Wednesday, September 05, 2007

Music education: What is Music, Anyway?

We all know that music is recognized as the "universal language" -- doesn't matter what the language is, we all sing, we all hum, we all whistle, and many of us play some kind of instrument -- from primitive drums that make just one basic sound (although any drum can be made to create various pitches depending upon the tension of the membrane being used) to sophisticated synthesizers which can create anything from orchestral scores to sound effects and everything in between. (If you could pull back the curtain and look in, you would see that most of the musical backgrounds you hear on TV shows are not created by orchestras, but by one guy at his synthesizer!)

But what are the elements music is created from? There are really only 4:




Tone Color

If you want to add "words" to the list above, be my guest, but words are not part of ALL music, so I'll leave it out, and just focus on the big 4:

Melody is the tune of a piece of music or a song -- the part you whistle or hum or sing or play as a solo.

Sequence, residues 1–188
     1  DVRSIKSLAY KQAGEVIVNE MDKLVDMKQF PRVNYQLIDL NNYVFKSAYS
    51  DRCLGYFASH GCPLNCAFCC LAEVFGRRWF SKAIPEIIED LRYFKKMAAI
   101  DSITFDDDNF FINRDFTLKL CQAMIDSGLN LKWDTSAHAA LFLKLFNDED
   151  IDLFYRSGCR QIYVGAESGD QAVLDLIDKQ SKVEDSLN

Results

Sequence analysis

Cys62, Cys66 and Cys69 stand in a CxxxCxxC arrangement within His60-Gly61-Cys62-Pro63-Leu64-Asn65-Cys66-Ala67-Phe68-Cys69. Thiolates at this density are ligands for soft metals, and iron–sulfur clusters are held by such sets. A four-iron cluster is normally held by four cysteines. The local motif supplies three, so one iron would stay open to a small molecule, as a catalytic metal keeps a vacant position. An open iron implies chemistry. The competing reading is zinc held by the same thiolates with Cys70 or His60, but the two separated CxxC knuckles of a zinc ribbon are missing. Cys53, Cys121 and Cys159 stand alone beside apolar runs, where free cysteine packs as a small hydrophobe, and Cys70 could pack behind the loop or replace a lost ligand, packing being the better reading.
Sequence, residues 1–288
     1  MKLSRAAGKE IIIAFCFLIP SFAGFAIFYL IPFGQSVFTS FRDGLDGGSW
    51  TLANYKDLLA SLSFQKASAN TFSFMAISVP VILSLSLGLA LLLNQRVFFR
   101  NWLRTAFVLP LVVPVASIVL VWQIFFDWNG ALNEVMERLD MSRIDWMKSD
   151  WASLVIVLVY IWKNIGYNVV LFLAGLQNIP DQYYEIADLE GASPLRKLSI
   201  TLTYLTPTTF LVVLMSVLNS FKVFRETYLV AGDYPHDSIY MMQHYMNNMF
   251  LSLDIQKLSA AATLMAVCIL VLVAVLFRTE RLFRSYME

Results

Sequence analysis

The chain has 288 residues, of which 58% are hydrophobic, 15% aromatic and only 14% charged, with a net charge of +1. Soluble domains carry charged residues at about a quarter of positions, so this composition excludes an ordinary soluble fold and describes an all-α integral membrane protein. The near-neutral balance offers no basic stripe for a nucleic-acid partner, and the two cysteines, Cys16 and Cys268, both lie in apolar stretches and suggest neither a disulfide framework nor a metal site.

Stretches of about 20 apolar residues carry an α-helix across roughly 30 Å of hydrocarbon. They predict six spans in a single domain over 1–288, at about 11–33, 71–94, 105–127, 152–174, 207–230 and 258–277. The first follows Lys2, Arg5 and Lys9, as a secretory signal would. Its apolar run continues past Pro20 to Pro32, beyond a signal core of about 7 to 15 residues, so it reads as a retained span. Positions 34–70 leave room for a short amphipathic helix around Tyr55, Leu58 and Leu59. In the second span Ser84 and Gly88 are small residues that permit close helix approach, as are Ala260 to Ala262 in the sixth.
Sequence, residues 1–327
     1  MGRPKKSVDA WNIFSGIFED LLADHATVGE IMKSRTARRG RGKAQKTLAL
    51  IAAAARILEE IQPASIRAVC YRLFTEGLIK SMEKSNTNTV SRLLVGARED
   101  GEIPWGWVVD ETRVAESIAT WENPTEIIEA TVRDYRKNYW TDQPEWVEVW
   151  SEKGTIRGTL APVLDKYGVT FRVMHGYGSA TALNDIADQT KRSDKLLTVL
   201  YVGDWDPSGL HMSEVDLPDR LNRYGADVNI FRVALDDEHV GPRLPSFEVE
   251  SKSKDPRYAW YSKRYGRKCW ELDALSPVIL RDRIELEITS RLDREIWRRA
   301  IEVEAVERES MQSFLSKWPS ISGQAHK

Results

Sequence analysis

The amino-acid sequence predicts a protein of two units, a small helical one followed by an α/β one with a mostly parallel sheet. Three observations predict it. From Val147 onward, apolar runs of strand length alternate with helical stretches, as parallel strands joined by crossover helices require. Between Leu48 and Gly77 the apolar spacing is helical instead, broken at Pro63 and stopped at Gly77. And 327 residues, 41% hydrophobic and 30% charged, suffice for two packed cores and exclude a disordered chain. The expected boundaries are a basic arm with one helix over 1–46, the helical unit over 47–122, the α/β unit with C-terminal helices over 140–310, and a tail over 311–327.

Harmony is the tonal environment which supports the melody and gives it context. Harmony involves either intervals (the distance between the melody and the supporting tone) or chords (3 or more supporting tones).

Rhythm is the pulse, or beat -- the mathematical pattern that sends music down the road from here to there.

Tone color is the sound you hear -- either the sound of a human voice, or a sax, or a piano, or a drum, or a guitar, or any instrument or combination of instruments -- usually many all mixed together forming a "musical meal" called a song or a piece or a composition or an improvisation or all of the above.

In future editions we will take up each one of these elements separately, then later see how they all blend together.
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